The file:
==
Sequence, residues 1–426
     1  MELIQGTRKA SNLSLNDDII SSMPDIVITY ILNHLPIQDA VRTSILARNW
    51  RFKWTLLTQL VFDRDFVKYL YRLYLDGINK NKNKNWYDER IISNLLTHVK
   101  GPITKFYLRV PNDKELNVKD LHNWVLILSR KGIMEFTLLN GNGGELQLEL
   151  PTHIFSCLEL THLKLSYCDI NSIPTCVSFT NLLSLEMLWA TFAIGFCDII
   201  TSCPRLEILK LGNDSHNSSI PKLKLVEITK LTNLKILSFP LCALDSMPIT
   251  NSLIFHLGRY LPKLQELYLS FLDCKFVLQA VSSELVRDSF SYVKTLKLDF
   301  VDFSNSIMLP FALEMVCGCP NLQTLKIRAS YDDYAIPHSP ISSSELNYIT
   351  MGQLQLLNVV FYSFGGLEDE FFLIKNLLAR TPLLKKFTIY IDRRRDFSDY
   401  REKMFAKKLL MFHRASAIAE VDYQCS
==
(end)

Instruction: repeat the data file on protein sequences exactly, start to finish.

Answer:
Sequence, residues 1–426
     1  MELIQGTRKA SNLSLNDDII SSMPDIVITY ILNHLPIQDA VRTSILARNW
    51  RFKWTLLTQL VFDRDFVKYL YRLYLDGINK NKNKNWYDER IISNLLTHVK
   101  GPITKFYLRV PNDKELNVKD LHNWVLILSR KGIMEFTLLN GNGGELQLEL
   151  PTHIFSCLEL THLKLSYCDI NSIPTCVSFT NLLSLEMLWA TFAIGFCDII
   201  TSCPRLEILK LGNDSHNSSI PKLKLVEITK LTNLKILSFP LCALDSMPIT
   251  NSLIFHLGRY LPKLQELYLS FLDCKFVLQA VSSELVRDSF SYVKTLKLDF
   301  VDFSNSIMLP FALEMVCGCP NLQTLKIRAS YDDYAIPHSP ISSSELNYIT
   351  MGQLQLLNVV FYSFGGLEDE FFLIKNLLAR TPLLKKFTIY IDRRRDFSDY
   401  REKMFAKKLL MFHRASAIAE VDYQCS